Special Panel Reaches Another Budget Agreement, as Shutdown Enters Day Three
A special committee working to pass a state budget and put an end to Maine's first government shutdown in 27 years voted 5-1 on Sunday to amend last week's compromise.
The original compromise plan failed on Friday when funding for state government ran out at midnight. The new plan is designed to win the support of House Republicans, who forced the shutdown and have been adding new demands originating from Gov. Paul LePage.
The amended plan could suffer the same fate because it contains a 1.5 percent lodging tax increase that LePage opposes. However, pressure is mounting on the House GOP as the shutdown drags on and their role as the governor's surrogate is increasingly criticized by thousands of state workers who are now out of work.
LePage apparently sought to ease the pressure on Sunday, when he announced late in the evening that he was giving most state employees a paid day off on Monday -- the same day protests are expected at the State House.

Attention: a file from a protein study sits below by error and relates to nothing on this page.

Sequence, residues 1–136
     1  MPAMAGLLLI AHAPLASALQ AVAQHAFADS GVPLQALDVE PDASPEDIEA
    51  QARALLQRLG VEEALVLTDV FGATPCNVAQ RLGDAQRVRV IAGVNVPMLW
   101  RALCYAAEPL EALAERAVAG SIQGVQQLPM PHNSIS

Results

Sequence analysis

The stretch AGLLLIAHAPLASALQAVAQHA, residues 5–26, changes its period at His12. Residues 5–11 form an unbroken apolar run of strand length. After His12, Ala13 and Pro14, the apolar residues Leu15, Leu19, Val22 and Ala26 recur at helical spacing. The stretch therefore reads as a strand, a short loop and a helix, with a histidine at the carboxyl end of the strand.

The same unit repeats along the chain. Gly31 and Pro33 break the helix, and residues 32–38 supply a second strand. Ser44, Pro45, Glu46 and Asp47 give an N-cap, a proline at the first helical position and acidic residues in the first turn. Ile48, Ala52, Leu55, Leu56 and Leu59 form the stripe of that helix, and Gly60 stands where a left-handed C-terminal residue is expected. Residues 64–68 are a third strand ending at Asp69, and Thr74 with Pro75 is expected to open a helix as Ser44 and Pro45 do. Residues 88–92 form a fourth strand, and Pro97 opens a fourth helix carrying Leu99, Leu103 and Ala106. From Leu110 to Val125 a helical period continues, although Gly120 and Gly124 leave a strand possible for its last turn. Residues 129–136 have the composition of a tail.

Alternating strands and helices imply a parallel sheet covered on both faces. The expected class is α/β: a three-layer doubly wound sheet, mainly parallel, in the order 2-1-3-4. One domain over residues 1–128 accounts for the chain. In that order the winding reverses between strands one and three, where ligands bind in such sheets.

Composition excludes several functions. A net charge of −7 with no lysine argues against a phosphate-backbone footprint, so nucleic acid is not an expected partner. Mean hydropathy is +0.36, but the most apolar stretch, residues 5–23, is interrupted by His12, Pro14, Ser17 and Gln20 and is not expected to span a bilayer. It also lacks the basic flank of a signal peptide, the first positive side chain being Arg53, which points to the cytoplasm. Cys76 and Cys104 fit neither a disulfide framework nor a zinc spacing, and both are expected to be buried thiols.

LePage has also attempted shift the blame for the shutdown on Democratic House Speaker Sara Gideon, blasting her and Republican Senate President Michael Thibodeau in a recorded video from the Blaine House mansion.
The amended budget contains relatively minor changes included in the House GOP proposal. Rep. Tom Winsor, R-Norway, sits on the special committee. He was the lone vote against the changes, potentially foreshadowing GOP caucus opposition.
The House and Senate vote could take place Monday. Each chamber will need to hit two-thirds support to advance the budget to LePage.
The votes are expected to be there in the Republican Senate, but it's unclear whether the House will hit the threshold.